Open-note assessments impacting students’ learning habits

Mackenzie Coughlin, Staff Writer

Many aspects of the average school day have been altered or removed completely due to
the pandemic, which is nothing new to us at this point. With many schools still utilizing the
hybrid teaching model – some students at school with some learning from home – administering tests has become significantly more difficult.
Pre-pandemic, students would cram in studying for their exams minutes before they
would have to take a timed test that would involve them recalling information simply from
memory. This seems like a normal occurrence for all students before the year 2020, but now,
many could not imagine the situation.
There is obviously no way for teachers to monitor what their students are doing while
taking tests and quizzes from home. There is no ability to restrict resources such as textbooks, notes, peers, and, of course, the internet. This has caused not only online students to receive the leniency of “open-note tests,” but in person students as well now have access to anything they choose while taking tests.
The idea of open-note tests is extremely stress relieving for students who do not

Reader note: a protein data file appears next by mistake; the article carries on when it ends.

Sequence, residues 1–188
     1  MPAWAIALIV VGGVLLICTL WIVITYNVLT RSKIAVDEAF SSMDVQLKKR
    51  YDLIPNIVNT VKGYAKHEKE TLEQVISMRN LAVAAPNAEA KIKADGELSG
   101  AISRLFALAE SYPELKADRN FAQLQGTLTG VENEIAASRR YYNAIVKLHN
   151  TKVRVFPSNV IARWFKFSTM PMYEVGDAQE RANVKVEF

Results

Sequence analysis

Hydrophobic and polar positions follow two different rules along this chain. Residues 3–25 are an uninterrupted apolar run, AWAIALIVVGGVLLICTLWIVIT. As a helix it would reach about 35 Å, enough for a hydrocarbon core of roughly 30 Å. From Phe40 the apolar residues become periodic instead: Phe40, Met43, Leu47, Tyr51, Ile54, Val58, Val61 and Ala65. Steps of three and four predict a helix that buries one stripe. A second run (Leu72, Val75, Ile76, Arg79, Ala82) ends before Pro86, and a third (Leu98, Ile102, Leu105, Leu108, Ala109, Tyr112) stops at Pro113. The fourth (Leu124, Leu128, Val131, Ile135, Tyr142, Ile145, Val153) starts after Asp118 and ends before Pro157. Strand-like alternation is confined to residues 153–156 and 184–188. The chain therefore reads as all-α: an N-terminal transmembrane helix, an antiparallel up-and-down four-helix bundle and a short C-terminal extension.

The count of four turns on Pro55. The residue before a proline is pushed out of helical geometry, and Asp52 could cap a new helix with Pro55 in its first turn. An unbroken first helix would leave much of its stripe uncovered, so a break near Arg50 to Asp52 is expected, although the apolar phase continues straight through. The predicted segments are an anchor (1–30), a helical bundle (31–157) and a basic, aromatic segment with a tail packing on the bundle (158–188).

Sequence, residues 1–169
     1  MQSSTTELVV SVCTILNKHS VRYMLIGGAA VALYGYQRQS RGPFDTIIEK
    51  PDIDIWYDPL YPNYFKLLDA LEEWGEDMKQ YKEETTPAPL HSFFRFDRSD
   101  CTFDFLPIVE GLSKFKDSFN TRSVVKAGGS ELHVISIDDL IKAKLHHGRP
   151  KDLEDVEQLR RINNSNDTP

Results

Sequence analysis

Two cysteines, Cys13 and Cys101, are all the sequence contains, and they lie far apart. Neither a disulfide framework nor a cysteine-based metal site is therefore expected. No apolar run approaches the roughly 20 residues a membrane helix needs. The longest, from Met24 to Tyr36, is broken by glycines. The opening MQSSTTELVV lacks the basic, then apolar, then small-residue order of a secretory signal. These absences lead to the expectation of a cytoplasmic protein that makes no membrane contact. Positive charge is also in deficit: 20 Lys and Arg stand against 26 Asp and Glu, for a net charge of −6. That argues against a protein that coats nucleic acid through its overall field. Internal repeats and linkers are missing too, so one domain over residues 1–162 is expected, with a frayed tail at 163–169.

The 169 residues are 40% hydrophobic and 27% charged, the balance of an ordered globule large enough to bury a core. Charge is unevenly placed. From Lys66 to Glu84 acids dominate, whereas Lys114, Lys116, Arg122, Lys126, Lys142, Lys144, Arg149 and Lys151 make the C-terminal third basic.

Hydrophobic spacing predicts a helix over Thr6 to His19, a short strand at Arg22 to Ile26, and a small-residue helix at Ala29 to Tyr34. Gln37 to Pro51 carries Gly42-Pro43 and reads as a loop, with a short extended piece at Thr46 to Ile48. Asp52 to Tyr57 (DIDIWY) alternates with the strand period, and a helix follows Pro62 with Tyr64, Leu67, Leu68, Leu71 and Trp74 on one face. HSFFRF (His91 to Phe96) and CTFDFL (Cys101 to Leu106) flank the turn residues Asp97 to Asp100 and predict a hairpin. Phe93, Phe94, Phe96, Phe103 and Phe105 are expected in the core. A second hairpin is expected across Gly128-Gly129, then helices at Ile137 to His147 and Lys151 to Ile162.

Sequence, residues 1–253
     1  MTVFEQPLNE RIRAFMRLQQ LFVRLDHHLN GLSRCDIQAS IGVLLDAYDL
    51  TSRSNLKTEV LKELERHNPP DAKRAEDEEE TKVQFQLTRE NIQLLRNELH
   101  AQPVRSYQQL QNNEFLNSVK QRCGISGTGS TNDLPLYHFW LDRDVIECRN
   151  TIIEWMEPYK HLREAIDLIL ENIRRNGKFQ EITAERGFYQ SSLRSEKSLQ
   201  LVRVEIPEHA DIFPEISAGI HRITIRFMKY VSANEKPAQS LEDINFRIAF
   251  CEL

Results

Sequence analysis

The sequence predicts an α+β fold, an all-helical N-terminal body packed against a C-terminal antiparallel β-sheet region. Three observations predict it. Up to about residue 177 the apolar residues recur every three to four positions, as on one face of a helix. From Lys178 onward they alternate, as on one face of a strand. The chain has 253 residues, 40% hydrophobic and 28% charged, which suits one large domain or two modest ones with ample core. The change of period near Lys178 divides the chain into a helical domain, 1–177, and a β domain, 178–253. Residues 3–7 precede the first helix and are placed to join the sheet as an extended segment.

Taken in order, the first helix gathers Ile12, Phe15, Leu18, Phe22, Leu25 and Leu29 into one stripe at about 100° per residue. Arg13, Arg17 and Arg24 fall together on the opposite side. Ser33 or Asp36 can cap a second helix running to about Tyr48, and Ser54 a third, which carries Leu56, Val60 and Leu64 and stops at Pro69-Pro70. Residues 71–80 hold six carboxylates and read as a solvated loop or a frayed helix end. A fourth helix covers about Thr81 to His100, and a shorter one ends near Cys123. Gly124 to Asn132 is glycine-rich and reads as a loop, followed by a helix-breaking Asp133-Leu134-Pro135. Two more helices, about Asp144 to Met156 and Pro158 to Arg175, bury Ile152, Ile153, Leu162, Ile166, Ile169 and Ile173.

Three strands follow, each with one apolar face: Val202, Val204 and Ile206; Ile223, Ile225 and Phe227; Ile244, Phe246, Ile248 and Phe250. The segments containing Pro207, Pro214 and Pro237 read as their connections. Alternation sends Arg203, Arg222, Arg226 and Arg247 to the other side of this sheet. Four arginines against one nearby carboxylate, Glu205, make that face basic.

understand the material or who didn’t have enough time to study. For the student, it ensures they maintain a good grade in the class while not having to spend so much time retaining information.
Future students who receive this exception when taking tests might need to resharpen
their learning skills after the pandemic. Because students will be so used to taking tests with all resources available, they will be at a disadvantage for college and possibly in their career. Their brains will not be trained to learn the same way compared to memorizing information and formulas.
Although technology has helped the world in some of the greatest ways when we have
needed it most, it still has its obvious setbacks, including how reliant people have become.
Administering open-note tests is making people more and more reliant on the internet and not on their own brains and knowledge.